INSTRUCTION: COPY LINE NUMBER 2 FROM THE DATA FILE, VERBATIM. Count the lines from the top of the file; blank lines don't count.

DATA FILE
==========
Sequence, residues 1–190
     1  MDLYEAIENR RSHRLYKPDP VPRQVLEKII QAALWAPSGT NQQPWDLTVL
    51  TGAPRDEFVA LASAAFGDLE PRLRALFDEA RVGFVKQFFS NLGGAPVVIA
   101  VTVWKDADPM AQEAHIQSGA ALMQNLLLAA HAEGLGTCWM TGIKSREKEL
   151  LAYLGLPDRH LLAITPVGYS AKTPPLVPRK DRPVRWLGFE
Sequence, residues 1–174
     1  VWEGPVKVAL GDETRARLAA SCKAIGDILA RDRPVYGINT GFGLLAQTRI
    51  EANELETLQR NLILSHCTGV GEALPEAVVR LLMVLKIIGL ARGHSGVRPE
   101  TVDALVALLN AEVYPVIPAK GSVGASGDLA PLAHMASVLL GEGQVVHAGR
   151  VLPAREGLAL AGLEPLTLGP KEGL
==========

     1  MDLYEAIENR RSHRLYKPDP VPRQVLEKII QAALWAPSGT NQQPWDLTVL